These authors contributed equally to this work.
Neuropilin-1 expression in cancer and development†
Version of Record online: 25 OCT 2011
Copyright © 2011 Pathological Society of Great Britain and Ireland. Published by John Wiley & Sons, Ltd.
The Journal of Pathology
Volume 226, Issue 1, pages 50–60, January 2012
How to Cite
Jubb, A. M., Strickland, L. A., Liu, S. D., Mak, J., Schmidt, M. and Koeppen, H. (2012), Neuropilin-1 expression in cancer and development. J. Pathol., 226: 50–60. doi: 10.1002/path.2989
No conflicts of interest were declared.
- Issue online: 1 DEC 2011
- Version of Record online: 25 OCT 2011
- Accepted manuscript online: 31 AUG 2011 10:27AM EST
- Manuscript Accepted: 23 AUG 2011
- Manuscript Revised: 5 AUG 2011
- Manuscript Received: 24 MAR 2011
- in situ hybridization;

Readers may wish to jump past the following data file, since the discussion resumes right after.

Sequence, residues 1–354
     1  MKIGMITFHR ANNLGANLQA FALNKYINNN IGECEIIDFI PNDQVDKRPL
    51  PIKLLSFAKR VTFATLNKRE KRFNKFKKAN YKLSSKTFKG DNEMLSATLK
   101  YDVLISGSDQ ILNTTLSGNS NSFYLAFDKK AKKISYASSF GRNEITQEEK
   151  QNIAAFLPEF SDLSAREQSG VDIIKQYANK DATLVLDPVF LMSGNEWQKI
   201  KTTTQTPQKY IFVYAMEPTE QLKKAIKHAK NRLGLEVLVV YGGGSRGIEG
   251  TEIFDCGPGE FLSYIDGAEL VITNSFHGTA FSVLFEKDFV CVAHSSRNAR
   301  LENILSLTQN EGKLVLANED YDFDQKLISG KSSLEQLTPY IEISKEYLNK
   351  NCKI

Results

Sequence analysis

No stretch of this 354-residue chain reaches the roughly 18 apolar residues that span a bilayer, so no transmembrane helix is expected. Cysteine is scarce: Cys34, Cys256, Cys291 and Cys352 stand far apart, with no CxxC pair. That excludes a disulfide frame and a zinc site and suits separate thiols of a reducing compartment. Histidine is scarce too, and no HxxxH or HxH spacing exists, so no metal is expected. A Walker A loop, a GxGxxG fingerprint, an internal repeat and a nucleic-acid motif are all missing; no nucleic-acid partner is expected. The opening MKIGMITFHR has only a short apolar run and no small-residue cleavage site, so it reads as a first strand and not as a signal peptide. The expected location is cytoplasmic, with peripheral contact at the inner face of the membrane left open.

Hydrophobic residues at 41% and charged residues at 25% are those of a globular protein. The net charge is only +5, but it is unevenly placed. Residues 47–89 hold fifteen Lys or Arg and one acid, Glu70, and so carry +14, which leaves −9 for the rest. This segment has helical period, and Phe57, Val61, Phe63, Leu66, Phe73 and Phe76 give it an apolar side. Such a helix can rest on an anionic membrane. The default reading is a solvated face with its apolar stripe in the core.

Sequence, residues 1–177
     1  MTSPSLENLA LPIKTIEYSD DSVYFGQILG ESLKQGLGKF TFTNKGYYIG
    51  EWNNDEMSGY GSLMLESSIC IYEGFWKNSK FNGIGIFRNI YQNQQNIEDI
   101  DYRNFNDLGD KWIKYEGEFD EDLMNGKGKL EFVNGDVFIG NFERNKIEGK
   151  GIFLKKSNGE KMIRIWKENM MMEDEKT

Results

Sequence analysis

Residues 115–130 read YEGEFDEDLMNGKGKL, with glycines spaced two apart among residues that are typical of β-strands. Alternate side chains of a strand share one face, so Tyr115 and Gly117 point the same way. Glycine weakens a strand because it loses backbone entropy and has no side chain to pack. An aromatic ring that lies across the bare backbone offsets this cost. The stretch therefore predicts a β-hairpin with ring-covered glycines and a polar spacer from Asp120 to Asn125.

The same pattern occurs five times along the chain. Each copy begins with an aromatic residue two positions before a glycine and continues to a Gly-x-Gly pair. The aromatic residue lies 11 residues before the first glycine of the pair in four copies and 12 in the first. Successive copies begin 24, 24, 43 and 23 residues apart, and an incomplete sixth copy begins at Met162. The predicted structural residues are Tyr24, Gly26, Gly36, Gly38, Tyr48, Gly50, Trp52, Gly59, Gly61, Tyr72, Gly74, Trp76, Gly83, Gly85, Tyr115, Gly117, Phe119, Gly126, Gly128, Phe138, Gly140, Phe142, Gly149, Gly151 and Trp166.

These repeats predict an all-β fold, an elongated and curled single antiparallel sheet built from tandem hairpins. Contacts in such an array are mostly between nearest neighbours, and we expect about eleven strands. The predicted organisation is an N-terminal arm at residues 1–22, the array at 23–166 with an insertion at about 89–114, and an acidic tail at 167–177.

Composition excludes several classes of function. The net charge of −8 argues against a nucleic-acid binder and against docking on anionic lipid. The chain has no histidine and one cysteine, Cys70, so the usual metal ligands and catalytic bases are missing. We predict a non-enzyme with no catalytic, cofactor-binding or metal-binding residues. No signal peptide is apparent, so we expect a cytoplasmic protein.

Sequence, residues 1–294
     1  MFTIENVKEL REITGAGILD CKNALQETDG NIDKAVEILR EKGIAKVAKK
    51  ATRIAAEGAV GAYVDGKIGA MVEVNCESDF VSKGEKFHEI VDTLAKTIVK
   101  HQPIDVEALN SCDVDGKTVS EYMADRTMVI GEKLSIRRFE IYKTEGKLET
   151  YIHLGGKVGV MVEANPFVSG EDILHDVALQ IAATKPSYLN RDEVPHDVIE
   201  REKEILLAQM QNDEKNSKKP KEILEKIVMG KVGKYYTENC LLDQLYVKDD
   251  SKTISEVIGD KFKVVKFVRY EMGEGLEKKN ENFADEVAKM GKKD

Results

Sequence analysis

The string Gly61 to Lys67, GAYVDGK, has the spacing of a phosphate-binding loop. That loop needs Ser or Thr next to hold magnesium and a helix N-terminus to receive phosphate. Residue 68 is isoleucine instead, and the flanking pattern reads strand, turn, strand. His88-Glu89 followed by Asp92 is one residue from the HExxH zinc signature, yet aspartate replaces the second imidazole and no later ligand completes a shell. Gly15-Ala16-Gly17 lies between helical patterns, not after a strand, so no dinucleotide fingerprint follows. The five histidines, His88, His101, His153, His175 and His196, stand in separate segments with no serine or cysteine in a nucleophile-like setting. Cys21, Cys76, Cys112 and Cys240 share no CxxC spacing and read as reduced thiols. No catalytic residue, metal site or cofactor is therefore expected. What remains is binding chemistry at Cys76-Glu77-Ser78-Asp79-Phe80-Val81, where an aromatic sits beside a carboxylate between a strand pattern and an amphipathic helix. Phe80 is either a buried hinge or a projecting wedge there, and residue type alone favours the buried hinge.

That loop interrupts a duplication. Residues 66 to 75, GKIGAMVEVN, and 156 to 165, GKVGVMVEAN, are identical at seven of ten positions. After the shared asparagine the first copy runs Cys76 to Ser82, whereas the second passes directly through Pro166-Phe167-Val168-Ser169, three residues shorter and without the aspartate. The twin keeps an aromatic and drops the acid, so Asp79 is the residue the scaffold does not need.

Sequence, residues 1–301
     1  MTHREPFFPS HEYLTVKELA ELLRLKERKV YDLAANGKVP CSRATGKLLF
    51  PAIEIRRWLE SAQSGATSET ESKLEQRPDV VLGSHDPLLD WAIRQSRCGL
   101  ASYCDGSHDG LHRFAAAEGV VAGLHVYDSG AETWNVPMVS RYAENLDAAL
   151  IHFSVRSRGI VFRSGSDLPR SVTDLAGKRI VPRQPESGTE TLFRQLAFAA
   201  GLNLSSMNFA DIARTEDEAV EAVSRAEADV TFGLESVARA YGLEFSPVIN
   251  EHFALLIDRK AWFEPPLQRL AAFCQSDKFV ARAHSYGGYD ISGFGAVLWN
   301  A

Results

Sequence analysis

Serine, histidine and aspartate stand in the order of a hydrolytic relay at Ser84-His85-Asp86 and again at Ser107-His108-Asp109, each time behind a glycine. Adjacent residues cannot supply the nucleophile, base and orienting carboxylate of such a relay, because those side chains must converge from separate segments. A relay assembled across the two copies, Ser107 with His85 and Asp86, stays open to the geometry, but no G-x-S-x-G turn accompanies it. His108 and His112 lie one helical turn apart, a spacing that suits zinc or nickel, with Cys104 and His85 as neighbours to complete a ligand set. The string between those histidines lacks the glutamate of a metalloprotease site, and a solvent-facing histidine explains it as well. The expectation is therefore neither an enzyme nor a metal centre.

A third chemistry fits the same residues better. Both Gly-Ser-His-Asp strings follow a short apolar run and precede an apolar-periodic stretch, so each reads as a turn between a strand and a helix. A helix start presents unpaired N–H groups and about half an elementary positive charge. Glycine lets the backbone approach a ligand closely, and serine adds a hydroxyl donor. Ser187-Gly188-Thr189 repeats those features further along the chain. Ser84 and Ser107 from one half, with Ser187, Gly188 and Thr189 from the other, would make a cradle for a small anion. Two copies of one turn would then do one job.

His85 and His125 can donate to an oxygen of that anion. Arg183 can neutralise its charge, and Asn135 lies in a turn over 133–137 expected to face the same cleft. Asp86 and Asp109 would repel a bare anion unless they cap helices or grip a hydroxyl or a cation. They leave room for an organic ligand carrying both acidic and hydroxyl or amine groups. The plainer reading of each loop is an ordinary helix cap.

Neuropilin (NRP)-1 is a co-receptor for vascular endothelial growth factor (VEGF). Preclinical data suggest that blockade of NRP1 suppresses tumour growth by inhibiting angiogenesis, in addition to directly inhibiting tumour cell proliferation in certain models. A humanized monoclonal antibody to NRP1 is currently being evaluated as a potential anti-cancer therapy in clinical trials. However, the expression of NRP1 in cancer and physiological angiogenesis has yet to be systematically described. Here we characterize the in situ expression of NRP1 in human cancer and during mammalian development. A monoclonal antibody to human NRP1 was generated and validated for immunohistochemistry by western blotting, use of formalin-fixed cell pellets transfected with NRP1, immunofluorescence, and comparison with in situ hybridization. NRP1 expression was assessed in whole sections of 65 primary breast carcinomas, 95 primary colorectal adenocarcinomas, and 90 primary lung carcinomas. An additional 59 human metastases, 16 xenografts, and three genetically engineered mouse tumour models were also evaluated. Immunoreactivity for NRP1 was seen in vessels from normal tissues adjacent to cancer and in 98–100% of carcinomas. Tumour cell expression of NRP1 was also observed in 36% of primary lung carcinomas and 6% of primary breast carcinomas, but no colorectal adenocarcinomas. NRP1 was evaluated in mouse embryos, where expression was limited to the nervous system, endocardium, vascular smooth muscle, and, focally, endothelium on subsets of vessels. Moreover, in a model of VEGF-dependent angiogenesis in the postnatal mouse trachea, blockade of NRP1 signalling resulted in defective angiogenesis and recapitulated the effects of anti-VEGF treatment. These observations confirm NRP1 as a valid anti-angiogenic target in malignancy, and as a potential direct anti-tumour target in a subset of cancers. The data also confirm a role for NRP1 in physiological, VEGF-mediated angiogenesis. Copyright © 2011 Pathological Society of Great Britain and Ireland. Published by John Wiley & Sons, Ltd.